Homer Alaska - Elections

Story last updated at 5:15 PM on Wednesday, September 26, 2012

Illg: Schools contribute to well-being of all



Through my observations and conversations with many local community members, I think we all need a reminder of the important roles, influences and social structure that schools provide to small communities such as ours. So many fundamental and influential life skills and experiences take place within the schools and we are fortunate to have the stage for these important moments to happen.

Our schools are literally and figuratively the biggest investments we make in our community. The economical variables to operate our schools are substantial. The total budgeted operational cost for the entire school district in 2011-2012 was $136,711,226. Homer area schools including McNeil Canyon Elementary had a total operation budget of $15,425,202 that provides services for 1,341 students. These numbers do not include the local KPBSD Connection Home school program that serves 870 students district wide. During the 2011-2012 fiscal year, the Kenai Peninsula Borough allocated $42.6 million to KPBSD in addition to millions of dollars worth of in-kind services such as maintenance and facility use.

The total borough-owned school infrastructure assets of land, building and equipment comes to a value of $307,863,189. In Homer, the total asset value is $59,157,154 most notably Homer High School is the highest valued school at $34,793,510. Total combined value for all of Kenai schools is $39,320,170; Seward schools: $38,290,826 and Soldotna schools: $40,217,727. With this type of continuing investment and existence of multimillion dollar facilities, field space and pools, I believe the school district has a means to address its most pressing concern: declining student enrollment. The cost of doing business continues to rise yet we are seeing a trend in declining enrollment.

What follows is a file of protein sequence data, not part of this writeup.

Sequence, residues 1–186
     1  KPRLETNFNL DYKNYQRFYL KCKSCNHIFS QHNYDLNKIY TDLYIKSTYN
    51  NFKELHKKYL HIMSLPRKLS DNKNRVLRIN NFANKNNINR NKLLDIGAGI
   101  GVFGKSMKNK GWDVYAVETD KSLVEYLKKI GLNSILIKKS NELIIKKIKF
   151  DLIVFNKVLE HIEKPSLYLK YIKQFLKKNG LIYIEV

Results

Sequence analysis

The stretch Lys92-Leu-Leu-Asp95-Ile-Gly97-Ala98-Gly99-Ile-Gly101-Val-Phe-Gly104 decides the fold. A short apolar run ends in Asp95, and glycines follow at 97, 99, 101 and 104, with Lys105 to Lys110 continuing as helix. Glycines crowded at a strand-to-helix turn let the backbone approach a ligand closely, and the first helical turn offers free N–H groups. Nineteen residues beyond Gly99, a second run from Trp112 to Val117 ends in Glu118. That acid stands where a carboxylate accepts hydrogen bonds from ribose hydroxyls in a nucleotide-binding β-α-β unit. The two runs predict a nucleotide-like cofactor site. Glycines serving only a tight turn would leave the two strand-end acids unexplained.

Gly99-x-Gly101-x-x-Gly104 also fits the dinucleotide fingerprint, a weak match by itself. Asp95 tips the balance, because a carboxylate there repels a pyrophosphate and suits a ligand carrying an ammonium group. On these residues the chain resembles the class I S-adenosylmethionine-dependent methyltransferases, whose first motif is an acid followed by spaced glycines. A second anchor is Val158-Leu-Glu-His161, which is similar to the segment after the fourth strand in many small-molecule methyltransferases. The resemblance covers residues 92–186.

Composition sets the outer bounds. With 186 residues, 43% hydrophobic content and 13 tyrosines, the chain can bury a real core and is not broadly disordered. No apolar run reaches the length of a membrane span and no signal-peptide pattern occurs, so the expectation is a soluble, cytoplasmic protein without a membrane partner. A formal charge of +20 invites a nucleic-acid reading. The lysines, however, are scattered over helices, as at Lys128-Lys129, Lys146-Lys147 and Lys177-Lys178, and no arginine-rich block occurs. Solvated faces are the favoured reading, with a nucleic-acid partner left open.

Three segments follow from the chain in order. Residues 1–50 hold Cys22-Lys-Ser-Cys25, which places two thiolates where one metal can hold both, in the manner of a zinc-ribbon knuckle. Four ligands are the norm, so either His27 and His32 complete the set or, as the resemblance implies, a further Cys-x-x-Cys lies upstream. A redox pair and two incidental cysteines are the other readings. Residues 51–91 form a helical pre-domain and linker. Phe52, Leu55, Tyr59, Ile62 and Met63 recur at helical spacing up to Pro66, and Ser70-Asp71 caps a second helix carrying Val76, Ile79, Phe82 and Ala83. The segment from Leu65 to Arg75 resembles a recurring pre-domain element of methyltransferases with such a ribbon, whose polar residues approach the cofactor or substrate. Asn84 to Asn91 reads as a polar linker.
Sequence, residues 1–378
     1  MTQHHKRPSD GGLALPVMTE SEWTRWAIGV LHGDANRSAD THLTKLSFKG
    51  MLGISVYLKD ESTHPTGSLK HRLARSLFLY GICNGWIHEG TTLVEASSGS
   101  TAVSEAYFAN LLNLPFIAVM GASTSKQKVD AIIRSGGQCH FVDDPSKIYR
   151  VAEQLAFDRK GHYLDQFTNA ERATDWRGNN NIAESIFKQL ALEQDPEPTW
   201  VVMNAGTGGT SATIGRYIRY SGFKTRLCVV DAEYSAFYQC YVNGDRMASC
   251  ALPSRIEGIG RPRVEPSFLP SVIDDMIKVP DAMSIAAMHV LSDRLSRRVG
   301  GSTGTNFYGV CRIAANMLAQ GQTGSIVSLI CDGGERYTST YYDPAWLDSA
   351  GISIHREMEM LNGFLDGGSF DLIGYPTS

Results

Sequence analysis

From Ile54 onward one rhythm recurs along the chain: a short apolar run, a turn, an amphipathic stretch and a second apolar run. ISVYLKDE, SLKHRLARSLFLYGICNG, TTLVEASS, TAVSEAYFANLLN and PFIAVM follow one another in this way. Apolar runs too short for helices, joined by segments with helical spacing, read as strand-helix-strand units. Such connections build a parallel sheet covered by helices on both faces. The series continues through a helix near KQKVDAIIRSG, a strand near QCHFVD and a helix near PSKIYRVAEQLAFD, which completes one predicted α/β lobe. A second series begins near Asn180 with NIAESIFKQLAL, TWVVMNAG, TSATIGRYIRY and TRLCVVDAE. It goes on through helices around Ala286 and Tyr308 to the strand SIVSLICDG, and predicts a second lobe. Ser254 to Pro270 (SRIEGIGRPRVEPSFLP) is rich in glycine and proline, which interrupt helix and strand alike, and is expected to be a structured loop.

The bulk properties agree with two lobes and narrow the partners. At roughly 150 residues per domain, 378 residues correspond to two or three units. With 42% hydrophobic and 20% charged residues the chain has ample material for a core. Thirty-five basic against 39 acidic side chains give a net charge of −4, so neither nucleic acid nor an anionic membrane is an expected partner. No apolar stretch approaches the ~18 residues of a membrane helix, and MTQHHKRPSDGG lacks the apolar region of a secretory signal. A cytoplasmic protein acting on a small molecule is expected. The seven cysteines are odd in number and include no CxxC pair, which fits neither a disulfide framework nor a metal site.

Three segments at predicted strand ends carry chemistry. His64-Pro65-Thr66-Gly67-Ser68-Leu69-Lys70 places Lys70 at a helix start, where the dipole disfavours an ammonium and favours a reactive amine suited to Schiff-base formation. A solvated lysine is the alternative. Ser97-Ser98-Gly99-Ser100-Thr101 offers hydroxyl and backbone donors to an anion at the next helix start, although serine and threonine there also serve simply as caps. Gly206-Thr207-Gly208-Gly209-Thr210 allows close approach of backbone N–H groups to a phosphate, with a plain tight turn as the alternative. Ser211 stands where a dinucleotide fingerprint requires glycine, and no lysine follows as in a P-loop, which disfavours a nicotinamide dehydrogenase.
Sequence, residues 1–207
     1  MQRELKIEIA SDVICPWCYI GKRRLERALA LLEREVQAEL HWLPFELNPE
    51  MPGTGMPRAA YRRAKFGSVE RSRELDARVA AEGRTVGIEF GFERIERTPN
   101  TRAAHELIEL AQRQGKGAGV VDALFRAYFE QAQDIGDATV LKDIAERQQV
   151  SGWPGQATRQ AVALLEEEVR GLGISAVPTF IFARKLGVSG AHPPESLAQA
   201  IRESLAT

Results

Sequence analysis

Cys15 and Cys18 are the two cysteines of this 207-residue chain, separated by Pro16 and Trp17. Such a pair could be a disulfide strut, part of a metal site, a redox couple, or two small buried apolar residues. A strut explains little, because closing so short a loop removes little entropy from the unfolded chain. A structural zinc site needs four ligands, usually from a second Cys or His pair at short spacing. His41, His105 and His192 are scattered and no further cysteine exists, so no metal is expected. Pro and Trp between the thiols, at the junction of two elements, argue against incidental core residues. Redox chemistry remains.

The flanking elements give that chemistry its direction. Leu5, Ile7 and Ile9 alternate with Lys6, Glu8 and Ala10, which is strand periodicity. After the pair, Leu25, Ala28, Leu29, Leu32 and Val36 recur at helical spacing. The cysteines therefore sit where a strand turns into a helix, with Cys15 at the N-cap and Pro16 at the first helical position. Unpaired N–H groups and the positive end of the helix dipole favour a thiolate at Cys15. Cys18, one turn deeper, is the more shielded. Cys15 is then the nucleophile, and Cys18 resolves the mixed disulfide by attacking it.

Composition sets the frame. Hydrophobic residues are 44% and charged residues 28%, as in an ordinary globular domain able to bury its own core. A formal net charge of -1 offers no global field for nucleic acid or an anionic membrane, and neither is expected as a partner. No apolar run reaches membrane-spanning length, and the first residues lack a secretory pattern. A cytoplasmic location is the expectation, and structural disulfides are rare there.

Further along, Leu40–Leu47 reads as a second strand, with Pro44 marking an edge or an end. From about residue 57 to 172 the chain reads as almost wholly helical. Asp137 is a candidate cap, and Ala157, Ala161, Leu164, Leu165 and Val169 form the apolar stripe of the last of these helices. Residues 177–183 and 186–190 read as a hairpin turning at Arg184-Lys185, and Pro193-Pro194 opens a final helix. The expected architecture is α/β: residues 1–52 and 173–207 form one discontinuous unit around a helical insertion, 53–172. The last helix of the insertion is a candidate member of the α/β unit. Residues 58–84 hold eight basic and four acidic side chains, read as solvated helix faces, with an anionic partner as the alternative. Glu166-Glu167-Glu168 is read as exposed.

While it is the school district's primary mission to provide a quality education, it also has the influential ability to assist with attracting and retaining the young family demographics that is the necessary target audience for the school district to sustain. Award-winning schools and good test scores certainly create a good reputation that can attract families and businesses to set up shop but I also think schools should take a hard look at their roles and capabilities in contributing the quality of life and well-being of all citizens, especially our youth.

Rural and isolated communities such as Homer rely heavily on the ability to use existing borough owned infrastructure such as the fields, pool, theatre and gymnasiums. I believe there is a general consensus from community members that our schools should be utilized for the overall benefit of the community whenever possible. Yet there are rising concerns of the costs of allowing non-school district activities and functions thus creating a strain on the schools operating budget. Consequently, if the school's infrastructure continues to be seemingly more difficult to access and use beyond the school district regular functions we may realize too late that this trend is a contributing factor in the declining enrollment numbers as quality of life opportunities and outside programs are diminished, resulting in families moving away to other communities. While I don't believe this to be the driving factor, it could play a significant role. While this may be a unique challenge to find the right balance, we need to continue to support all healthy options more than ever considering the increasing detrimental costs and effects of our health care crisis.

We continue to see the alarming increase in child obesity rates, preventable health diseases and the rise of passive entertainment through technology and yet we have the ability, desire and physical place to take preventive measures and combat these concerns locally. There are many studies that support the common theory that healthy, physically active students contribute to the success of their learning skills and educational experience. As a school district, I believe we have the responsibility to strive to develop healthy, creative and productive learners with the expertise of school staff and the welcomed contributions of all community stakeholders.

I would appreciate your vote on October 2nd, as I believe I have the passion, skills and commitment to best represent Homer on the Kenai Peninsula Borough School Board. It may be time for new representation, new ideas and most importantly: having a choice. Thank you.